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Vegetative Filter Strips—A Best Management Practice for Controlling Nonpoint Source Pollution

Ashley Smyth, Lei Wu, Rafael Muñoz-Carpena, and Yuncong Li


Agriculture has had considerable success increasing production to meet the growing demand for food, feed, fiber, and fuel. However, this success has consequences for water quality. In addition to climate impacts and land use change, increasing numbers of pollutants, such as pesticides, nutrients, and heavy metals, have been observed in natural water systems. As awareness of the agricultural sources of water pollution has grown, Best Management Practices (BMPs) have been designed to address agricultural sources of pollutants and protect water quality. This publication introduces one of the BMPs—Vegetative Filter Strips (VFSs), which efficiently control nonpoint pollution such as sediments, nutrients, and pesticides that cannot be traced to a specific source.

What is a vegetative filter strip (VFS)?

A vegetative filter strip (VFS) is an area of vegetation designed to remove sediment and other pollutants from surface water runoff through filtration, deposition, infiltration, adsorption, absorption, decomposition, and/or volatilization. Filter strips were originally used as an agricultural treatment practice but have recently evolved into an urban practice as well. Within an agricultural context, vegetative filter strips are generally referred to as banded areas of planted or indigenous vegetation which are positioned between a potential pollutant source area (cropland) and a surface water body that receives runoff (Figure 1A). They are often used in conjunction with other BMPs, such as proper nutrient and pest management to protect water quality. Several state and federal agencies (e.g., EPA) have included VFSs in their arsenal of agricultural BMPs. Within an urban context, VFSs are gently sloping, vegetated areas adjacent to impervious surfaces (Figure 1B), such as sidewalks and roadways.


Figure 1. Examples of Vegetative Filter Strips.
Figure 1.  Examples of Vegetative Filter Strips.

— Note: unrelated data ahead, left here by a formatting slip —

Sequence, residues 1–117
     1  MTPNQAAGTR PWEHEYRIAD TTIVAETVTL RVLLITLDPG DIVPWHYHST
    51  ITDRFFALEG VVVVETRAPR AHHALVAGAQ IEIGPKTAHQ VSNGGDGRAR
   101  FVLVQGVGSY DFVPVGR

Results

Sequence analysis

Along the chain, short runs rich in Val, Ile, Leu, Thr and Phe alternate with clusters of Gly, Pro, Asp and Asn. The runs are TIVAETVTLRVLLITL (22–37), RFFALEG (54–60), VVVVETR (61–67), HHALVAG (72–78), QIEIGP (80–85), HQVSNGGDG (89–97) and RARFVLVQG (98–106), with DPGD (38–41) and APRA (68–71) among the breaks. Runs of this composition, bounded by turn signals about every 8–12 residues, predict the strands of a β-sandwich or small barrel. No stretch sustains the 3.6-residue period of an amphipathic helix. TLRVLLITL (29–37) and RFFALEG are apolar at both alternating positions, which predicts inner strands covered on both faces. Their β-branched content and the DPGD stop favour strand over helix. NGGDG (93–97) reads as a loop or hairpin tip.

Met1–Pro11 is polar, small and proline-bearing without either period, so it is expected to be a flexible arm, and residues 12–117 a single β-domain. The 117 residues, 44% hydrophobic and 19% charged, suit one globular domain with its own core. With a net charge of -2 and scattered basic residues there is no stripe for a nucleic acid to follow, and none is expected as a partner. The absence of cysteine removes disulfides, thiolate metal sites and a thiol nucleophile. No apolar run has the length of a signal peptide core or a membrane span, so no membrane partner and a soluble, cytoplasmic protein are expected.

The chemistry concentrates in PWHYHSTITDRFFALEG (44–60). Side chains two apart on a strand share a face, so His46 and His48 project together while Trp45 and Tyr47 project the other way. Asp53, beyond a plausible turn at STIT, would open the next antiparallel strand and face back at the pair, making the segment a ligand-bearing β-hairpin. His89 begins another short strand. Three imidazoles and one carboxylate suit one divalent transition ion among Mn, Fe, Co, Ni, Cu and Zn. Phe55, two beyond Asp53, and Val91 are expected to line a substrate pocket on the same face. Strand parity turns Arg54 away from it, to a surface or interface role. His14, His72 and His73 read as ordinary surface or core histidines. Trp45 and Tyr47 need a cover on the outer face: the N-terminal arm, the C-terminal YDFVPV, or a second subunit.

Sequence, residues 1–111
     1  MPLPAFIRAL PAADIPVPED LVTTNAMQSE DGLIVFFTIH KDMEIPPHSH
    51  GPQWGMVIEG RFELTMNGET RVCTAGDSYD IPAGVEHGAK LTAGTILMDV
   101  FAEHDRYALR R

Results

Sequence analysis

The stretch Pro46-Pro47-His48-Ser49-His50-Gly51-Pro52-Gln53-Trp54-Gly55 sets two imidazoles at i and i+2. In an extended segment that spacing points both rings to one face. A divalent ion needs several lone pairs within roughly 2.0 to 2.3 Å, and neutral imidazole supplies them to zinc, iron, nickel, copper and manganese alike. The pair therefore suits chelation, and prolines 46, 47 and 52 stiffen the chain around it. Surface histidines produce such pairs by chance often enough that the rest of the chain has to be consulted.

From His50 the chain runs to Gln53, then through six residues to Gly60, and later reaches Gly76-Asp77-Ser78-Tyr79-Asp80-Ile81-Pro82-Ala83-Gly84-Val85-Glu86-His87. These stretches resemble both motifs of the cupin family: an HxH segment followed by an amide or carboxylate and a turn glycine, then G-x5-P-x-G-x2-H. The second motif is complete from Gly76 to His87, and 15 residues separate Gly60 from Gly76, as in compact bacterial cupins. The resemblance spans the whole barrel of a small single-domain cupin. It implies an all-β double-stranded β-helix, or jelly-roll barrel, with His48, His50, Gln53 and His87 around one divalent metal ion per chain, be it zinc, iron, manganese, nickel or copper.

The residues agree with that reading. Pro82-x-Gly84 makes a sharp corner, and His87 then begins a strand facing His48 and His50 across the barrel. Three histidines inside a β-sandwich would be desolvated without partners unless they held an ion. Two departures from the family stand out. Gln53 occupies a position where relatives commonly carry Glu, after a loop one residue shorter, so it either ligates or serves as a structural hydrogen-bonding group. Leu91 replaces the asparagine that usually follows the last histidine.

Credit: A) Southeastern Wisconsin Regional Planning Commission; and B) Florida Department of Environmental Protection


Although VFSs are effective in the removal of pollutants from urban stormwater runoff in Florida, VFSs are not widely used in agricultural pollution control, mainly for the following reasons: 1) runoff flow in open fields is limited due to sandy (or gravelly) soils found in most areas (water infiltrates readily, leaving little on the surface for runoff), and 2) shallow water presence (or inundation) reduces the infiltration time. However, this does not mean VFSs are not useful for the Florida agricultural landscape. In fact, VFSs should be used regularly in limited infiltration soils (especially in south Florida marl soils) and canal banks to offer protection from large precipitation events that might generate runoff.

What are the primary functions of VFSs?

The United States Environmental Protection Agency (EPA) encourages growers to use engineered VFSs to reduce nonpoint source (NPS) pollution (US EPA 2002). NPS pollution is pollution that cannot be traced to a direct source and usually results from runoff and precipitation. Table 1 summarizes the efficacy of several VFSs in the removal of pollutants from cropland and feedlot runoff. Although there is an argument that the ability of VFSs to remove NPS pollutants depends on the design and maintenance of the filter strips, these field studies clearly indicate that VFSs can successfully remove more than 90% of sediments, 50 to 80% of nutrients, and 44 to 100% of the herbicide atrazine if they are properly designed. Therefore, it is reasonable to expect comparable pollutant removal efficacy if VFSs are properly designed and applied in infiltration soil in south Florida.

What are the key design factors of VFSs?

Key factors to consider when designing VFSs are listed on the US EPA website ( under the section "Management Measure for Vegetated Treatment Systems." A summary of these key factors is presented below (Figure 3).

  • Vegetation: Sturdy, tall, perennial native grass species generally do the best job of removing sediment. The USDA-NRCS "VegSpec" website is a web-based support system which can help you select appropriate grass species for VFSs.
  • Slope: Extensive field studies indicate that VFSs work best on slopes that are less than 5% and are usually not recommended for slopes greater than 15%. Increased steepness increases runoff velocity, resulting in decreased sediment deposition by filter strips. It is also noted that the slope of the drainage area above the filter strip needs to be 1% or greater to allow runoff to enter the VFSs. Slopes less than 1% will cause runoff and sediment to back up into the contributing area and not enter the VFSs.